Assuming that 1 to 2 standard US LNG cargoes (or ~2.5 to 5-Bcf/d) were to pass the Panama Canal, then between 3 to 5.5-Bcf/d of US LNG could stay in the Atlantic basin, assuming over the long run that the US has the capacity to export 8-Bcf/d or more of LNG. These swap deals and excess cargoes are ones that would help increase interest in LNG spot trading.

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Citi Research noted that these developments are calling into question the viability of long-term contracts in their current forms. Oil-indexation and destination restrictions do not reflect market fundamentals. Increased options in the market and low spot prices are adding pressure to transform contracts to reflect short-term fundamentals, with volume and destination flexibility (including the reselling and diversion of LNG cargoes).

Indeed, Qatar and India recently announced a renegotiation of their long-term contract, which was priced based off of a three-month trailing Brent average versus the previous sixty-month trailing average.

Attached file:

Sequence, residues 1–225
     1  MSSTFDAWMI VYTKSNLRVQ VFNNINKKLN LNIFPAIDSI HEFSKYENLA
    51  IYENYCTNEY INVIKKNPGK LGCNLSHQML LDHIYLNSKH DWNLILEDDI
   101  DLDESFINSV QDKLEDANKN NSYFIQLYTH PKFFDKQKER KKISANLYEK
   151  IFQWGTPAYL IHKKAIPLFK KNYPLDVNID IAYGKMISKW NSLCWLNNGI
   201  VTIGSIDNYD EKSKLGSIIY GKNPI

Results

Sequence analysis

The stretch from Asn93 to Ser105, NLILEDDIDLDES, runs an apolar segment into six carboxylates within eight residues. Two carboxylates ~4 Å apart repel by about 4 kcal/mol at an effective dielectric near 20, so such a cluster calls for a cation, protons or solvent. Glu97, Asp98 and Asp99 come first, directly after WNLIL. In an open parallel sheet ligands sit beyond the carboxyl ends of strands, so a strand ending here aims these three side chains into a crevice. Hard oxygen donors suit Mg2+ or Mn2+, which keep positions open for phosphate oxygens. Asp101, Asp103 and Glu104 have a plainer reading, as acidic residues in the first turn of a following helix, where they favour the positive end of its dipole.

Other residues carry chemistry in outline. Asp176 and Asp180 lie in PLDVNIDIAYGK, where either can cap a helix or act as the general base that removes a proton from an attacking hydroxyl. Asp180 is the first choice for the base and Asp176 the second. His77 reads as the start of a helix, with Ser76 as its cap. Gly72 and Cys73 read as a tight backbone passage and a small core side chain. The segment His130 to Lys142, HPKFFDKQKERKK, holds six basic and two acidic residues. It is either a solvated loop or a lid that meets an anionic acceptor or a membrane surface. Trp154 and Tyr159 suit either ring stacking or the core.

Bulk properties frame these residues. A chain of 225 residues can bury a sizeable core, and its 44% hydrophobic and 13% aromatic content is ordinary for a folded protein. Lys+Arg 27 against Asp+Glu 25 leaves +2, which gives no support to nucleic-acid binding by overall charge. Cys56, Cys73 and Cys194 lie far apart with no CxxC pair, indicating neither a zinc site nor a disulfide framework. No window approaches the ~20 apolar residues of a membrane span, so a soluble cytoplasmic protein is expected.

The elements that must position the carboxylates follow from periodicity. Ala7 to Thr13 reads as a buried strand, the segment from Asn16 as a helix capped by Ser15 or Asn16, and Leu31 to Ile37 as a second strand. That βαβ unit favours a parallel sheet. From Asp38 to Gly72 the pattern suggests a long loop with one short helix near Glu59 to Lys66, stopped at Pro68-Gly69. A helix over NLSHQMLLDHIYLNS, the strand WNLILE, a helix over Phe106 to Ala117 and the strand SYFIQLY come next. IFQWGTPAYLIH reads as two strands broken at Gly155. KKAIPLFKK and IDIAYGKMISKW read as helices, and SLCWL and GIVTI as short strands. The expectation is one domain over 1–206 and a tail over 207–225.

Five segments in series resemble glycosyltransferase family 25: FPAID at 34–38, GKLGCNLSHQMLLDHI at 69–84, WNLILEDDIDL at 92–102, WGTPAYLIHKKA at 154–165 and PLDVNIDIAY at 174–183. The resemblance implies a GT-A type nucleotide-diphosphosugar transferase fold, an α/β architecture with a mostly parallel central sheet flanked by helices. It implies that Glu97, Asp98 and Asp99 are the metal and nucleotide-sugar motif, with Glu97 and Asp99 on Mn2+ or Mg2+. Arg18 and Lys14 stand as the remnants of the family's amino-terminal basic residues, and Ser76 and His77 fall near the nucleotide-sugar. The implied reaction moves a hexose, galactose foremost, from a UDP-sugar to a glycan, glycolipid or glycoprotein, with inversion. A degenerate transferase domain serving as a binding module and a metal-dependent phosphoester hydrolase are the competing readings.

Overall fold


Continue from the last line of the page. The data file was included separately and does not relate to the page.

For others, the success of renegotiation could hinge on the existing relationship between current buyers and sellers locked in contracts, whether there are reopener provisions, and the sellers’ financial and operational flexibility.

Legally, clauses on price renegotiation may require parties to show that market conditions have changed not temporarily but permanently, so that pricing would have to change to reflect new market conditions. But all in, the availability of US LNG exports significantly increases the leverage of LNG buyers.

(Disclosure: This report is based out of a report done by Citi Research Team)